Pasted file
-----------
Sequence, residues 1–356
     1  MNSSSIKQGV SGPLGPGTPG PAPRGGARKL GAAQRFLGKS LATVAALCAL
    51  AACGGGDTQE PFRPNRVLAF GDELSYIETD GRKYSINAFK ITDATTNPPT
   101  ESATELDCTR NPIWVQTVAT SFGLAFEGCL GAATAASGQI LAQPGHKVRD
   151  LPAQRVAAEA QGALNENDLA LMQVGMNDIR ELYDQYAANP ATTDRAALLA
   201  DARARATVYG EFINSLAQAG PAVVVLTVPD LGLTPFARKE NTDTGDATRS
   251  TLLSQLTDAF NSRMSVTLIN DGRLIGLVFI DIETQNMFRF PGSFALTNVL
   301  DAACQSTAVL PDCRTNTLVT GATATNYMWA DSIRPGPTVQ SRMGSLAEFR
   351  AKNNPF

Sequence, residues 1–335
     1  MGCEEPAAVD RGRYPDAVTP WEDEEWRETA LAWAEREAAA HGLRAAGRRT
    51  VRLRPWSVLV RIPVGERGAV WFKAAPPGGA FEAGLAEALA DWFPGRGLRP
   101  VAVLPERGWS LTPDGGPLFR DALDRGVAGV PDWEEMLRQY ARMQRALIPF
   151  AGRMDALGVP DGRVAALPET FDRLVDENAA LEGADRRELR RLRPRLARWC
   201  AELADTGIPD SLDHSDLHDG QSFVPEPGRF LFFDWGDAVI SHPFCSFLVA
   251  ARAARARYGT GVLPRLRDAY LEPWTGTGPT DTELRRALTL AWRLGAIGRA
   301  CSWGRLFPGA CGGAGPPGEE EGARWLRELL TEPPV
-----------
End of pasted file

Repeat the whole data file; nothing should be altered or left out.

Sequence, residues 1–356
     1  MNSSSIKQGV SGPLGPGTPG PAPRGGARKL GAAQRFLGKS LATVAALCAL
    51  AACGGGDTQE PFRPNRVLAF GDELSYIETD GRKYSINAFK ITDATTNPPT
   101  ESATELDCTR NPIWVQTVAT SFGLAFEGCL GAATAASGQI LAQPGHKVRD
   151  LPAQRVAAEA QGALNENDLA LMQVGMNDIR ELYDQYAANP ATTDRAALLA
   201  DARARATVYG EFINSLAQAG PAVVVLTVPD LGLTPFARKE NTDTGDATRS
   251  TLLSQLTDAF NSRMSVTLIN DGRLIGLVFI DIETQNMFRF PGSFALTNVL
   301  DAACQSTAVL PDCRTNTLVT GATATNYMWA DSIRPGPTVQ SRMGSLAEFR
   351  AKNNPF

Sequence, residues 1–335
     1  MGCEEPAAVD RGRYPDAVTP WEDEEWRETA LAWAEREAAA HGLRAAGRRT
    51  VRLRPWSVLV RIPVGERGAV WFKAAPPGGA FEAGLAEALA DWFPGRGLRP
   101  VAVLPERGWS LTPDGGPLFR DALDRGVAGV PDWEEMLRQY ARMQRALIPF
   151  AGRMDALGVP DGRVAALPET FDRLVDENAA LEGADRRELR RLRPRLARWC
   201  AELADTGIPD SLDHSDLHDG QSFVPEPGRF LFFDWGDAVI SHPFCSFLVA
   251  ARAARARYGT GVLPRLRDAY LEPWTGTGPT DTELRRALTL AWRLGAIGRA
   301  CSWGRLFPGA CGGAGPPGEE EGARWLRELL TEPPV